Western Digital has recently equipped the entry-level SSD WD Blue SN550 with new memory, while Samsung has replaced the memory and controller in its own SSD 970 Evo Plus model of the upper middle class. Both are M.2 cards that use four PCI Express 3.0 lanes.
While Samsung’s new edition does not fare worse per se and is clearly identifiable thanks to the new product number and packaging, Western Digital offers a worse SSD that cannot be identified before buying.
Falling writing performance at WD
So shows a Test of the Chinese language website Expreviewthat the WD Blue SN550 with 1 TB capacity only writes at just under 400 MB / s as soon as the 12 GB small SLC cache is full. The latter only describes 1 instead of 3 bits per memory cell (single vs. triple level cells) in order to increase performance. The earlier version, on the other hand, achieved around twice the value. Only the first 12 GB can be copied to the SSD with the full performance of just under 2.2 GB / s.
In a Opinion to Computer base Western Digital confirms the observations and promises improvement. In the future, SSDs will receive new model numbers when changing components. Last year, Western Digital was repeatedly noticed by the deterioration of its own HDDs – only after a lot of criticism and class actions did the manufacturer improve transparency.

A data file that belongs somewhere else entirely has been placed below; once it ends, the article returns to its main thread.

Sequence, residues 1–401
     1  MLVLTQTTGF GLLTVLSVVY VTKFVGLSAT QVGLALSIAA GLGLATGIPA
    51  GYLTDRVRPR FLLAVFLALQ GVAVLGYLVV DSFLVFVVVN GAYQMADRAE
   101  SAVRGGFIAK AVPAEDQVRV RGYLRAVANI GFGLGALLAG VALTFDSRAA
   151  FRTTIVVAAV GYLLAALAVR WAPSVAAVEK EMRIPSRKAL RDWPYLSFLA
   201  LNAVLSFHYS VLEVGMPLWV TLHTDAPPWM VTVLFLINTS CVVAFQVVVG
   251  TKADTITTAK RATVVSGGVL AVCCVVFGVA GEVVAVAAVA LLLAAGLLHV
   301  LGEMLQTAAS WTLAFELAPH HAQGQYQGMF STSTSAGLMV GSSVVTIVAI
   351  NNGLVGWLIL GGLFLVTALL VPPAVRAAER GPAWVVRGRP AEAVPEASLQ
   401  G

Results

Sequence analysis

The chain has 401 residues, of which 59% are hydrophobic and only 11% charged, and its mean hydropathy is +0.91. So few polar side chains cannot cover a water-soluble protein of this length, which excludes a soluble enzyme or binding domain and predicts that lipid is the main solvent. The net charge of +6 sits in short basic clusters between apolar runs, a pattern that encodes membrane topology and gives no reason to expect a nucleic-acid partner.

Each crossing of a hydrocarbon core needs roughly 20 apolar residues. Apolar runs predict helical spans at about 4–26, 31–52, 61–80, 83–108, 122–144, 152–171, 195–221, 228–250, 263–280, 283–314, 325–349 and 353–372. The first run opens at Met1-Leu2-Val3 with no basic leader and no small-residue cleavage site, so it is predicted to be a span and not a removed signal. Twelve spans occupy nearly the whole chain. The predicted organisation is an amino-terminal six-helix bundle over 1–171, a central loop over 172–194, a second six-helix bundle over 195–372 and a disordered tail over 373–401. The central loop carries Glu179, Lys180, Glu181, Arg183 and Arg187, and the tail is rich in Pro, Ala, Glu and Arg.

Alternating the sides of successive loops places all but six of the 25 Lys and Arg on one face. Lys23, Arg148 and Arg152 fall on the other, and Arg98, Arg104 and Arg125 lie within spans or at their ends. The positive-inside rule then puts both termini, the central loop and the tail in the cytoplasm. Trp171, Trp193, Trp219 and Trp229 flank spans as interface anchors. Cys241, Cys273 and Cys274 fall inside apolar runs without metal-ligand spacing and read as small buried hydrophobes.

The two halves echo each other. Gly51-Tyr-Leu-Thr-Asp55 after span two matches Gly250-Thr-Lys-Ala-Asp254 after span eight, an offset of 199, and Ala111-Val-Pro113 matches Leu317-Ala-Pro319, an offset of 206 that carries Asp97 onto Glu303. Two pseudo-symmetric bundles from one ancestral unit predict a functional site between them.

Partly higher performance at Samsung
In the case of Samsung’s SSD 970 Evo Plus, a Chinese-language Youtube channel on the changes attentive to the 1 TB model (the English subtitle is useful). The product number will therefore change from MZVLB1T0HBLR to MZVL21T0HBLU; the packaging differs significantly. Samsung assembled the old version in China (“Made in China”), the new one in South Korea (“Made in Korea”).
Samsung is replacing the previous Phoenix controller from its own development with the newer Elpis, which the company had introduced with the SSD 980 Pro – but downgraded from PCIe 4.0 to PCIe 3.0 for the 970 model. The change could be a result of the loss of production in the Texas semiconductor plant, where Samsung manufactures SSD controllers, among other things.
The NAND flash modules also differ: they used to be labeled with K9DUGY8J5B-DCK0, now with K9DUGY8J5B-CCK0. Details are not known – a change from the 5th generation V-NAND to the newer 6th generation would be conceivable.
The new edition is faster as long as you don’t often write very large files to the SSD: Samsung has increased the SLC cache from around 40 to 115 GByte with enough free capacity. Within this intermediate buffer, the new SSD 970 Evo Plus achieves almost 2.6 GB / s in the HD Tune Pro benchmark, the old 1.7 to 1.8 GB / s. If this cache is full, however, the performance now drops more – to around 800 MB / s instead of 1.5 GB / s. The test tool CrystalDiskMark certifies that the new edition has a significantly higher write performance even with small write processes.